I Want To Be Part of A Smug Couple. There. I Said It.

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After the whole stupid drama with P and S on Monday night, I remained in a funk. It was just so unnecessary on all of our parts. I was cruel to S (the ex-girlfriend) when I should have shown compassion. His explanation was as follows: She’d called him Monday morning. They talked. He told her he was feeling sick from drinking the night before. She asked if he wanted her to come over. He said no. Right after he texted me to confirm he had my brace and would be over at noon, she showed at his apartment. How much of that is true, I don’t know. He said he went to lie down thinking she’d leave and he fell asleep, unaware that she was even still in his apartment when I came over. I believe the gist of his explanation, but it still didn’t make me feel better.  Even though I was the ones he had plans with – she was the one whose feelings he’d cater to, and that realization hurt. He could have asked her to leave. He didn’t. He could have texted me to say he wasn’t coming over. He didn’t. Message received loud and clear. He didn’t treat me like  friend of fifteen years. He treated me like a side-piece.  Ouch.

When I get in these funks, I like to write myself through them. This weekend, I wrote an intention list for the summer. There were a number of things on it. (Post a selfie of myself in a bikini; go out-of-town for a few days to someplace sunny; finish twenty-more scenes of my book; take Firestarter and Boot Camp at Equinox. ) But the last item on the list was something I hesitated to include, because it made me feel really, tremendously pathetic:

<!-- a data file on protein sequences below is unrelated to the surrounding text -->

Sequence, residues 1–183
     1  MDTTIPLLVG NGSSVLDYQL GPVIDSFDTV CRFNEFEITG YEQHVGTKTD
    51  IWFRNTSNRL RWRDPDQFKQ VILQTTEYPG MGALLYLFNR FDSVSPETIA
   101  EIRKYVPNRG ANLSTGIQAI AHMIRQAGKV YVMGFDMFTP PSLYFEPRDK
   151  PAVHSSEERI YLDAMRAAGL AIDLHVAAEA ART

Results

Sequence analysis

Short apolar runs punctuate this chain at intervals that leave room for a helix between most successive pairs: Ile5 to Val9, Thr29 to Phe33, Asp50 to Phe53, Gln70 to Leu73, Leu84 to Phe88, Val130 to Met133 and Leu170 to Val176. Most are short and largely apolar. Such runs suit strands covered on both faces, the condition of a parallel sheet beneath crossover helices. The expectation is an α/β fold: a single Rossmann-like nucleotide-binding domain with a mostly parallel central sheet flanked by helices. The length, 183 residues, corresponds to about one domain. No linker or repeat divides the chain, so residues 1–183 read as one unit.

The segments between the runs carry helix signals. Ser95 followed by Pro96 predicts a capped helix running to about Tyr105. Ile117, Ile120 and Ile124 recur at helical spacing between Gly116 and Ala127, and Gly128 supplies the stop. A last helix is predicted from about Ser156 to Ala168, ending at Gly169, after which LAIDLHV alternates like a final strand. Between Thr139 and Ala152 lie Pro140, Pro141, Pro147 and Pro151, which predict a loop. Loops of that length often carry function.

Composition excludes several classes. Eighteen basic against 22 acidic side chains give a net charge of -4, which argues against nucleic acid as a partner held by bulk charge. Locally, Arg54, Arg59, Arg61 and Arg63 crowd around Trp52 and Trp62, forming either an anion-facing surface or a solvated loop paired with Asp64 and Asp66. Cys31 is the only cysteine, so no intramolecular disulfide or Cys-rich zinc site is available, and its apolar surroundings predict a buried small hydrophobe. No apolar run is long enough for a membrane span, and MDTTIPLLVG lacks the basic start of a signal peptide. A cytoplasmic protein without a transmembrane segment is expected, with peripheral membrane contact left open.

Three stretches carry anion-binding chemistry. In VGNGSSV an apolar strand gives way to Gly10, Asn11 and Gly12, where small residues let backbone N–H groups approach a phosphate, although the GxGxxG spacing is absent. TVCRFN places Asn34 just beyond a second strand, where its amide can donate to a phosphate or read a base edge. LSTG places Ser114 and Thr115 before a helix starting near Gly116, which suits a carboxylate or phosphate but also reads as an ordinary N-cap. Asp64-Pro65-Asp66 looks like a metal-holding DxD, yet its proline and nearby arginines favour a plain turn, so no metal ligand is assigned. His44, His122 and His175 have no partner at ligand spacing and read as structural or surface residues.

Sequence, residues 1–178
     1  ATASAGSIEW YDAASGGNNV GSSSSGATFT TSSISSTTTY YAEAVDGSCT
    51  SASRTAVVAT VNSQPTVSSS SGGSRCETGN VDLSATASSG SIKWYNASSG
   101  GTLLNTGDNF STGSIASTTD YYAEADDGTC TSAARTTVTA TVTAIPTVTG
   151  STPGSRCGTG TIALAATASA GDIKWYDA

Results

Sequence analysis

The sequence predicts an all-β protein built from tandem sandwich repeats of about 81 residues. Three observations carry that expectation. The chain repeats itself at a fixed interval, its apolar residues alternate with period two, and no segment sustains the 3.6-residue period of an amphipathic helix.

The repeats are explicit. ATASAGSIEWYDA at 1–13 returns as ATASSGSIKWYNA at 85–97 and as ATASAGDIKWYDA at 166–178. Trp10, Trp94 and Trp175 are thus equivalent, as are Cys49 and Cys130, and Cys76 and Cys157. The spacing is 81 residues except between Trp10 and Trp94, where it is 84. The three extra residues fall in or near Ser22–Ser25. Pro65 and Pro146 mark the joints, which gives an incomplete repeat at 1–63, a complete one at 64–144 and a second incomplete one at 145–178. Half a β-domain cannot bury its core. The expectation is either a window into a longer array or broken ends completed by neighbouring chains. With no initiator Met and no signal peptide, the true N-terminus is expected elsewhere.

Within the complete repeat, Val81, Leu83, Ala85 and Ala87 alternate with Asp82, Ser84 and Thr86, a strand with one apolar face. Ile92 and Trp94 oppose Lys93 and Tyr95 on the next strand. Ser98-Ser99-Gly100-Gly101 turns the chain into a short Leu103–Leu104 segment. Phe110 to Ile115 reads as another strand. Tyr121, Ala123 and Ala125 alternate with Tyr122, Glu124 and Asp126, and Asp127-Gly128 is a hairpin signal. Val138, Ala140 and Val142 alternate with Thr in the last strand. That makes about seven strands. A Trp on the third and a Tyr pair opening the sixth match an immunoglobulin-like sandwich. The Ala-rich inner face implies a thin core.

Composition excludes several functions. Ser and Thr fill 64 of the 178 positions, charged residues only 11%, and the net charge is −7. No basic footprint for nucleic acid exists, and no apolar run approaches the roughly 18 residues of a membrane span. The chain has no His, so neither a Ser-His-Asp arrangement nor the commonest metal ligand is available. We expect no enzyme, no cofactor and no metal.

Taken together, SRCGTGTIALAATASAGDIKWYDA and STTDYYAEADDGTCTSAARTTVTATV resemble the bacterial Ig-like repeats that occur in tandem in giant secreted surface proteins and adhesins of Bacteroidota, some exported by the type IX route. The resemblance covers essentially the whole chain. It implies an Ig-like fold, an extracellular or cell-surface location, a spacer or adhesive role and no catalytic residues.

By the end of the summer I want to be dating someone. Really dating them, not just hooking-up with them. Doubling down on that intention, I included in the intention that I wanted to post a photo of us together. I want a smug couple selfie, dammit. Like I said, pathetic. I carry a shame with me about my inability to sustain a relationship or to even get dates. The women who leave biting comments calling me “easy” (lol. Thanks, Nana) and saying I don’t love myself enough aren’t saying anything I haven’t told myself in the darker times. When I’m not allowing that bully voice a say, I know I respect myself. Men who sleep with crazy women are given a pass because, penis. A woman sleeps with a guy like P has no self-respect. See how that works?

What I seek is rare, and I won’t settle for anything less. I am not desperate. What I am, at times, is lonely. It’s difficult to admit that even though loneliness is a human condition experienced by many. Sometimes I just want attention or a connection and my go-to solution is sex. There are other instances when I just want to get laid, but I would say half the time I’m hooking up with a guy, it’s because I just want to feel like I matter. You can call that “easy” if you want. I don’t see anything wrong with being easy. Or being lonely. Part of the reason I’ve become so physically active is because of the sense of connection I get from being at the gym. I said awhile back that I was being pulled in many directions and, as a result,  my soul needed nourishing.  I’ve found that nourishment in working out and yoga. I’ll still seek casual sex now and then, though. To say I won’t would be disingenuous.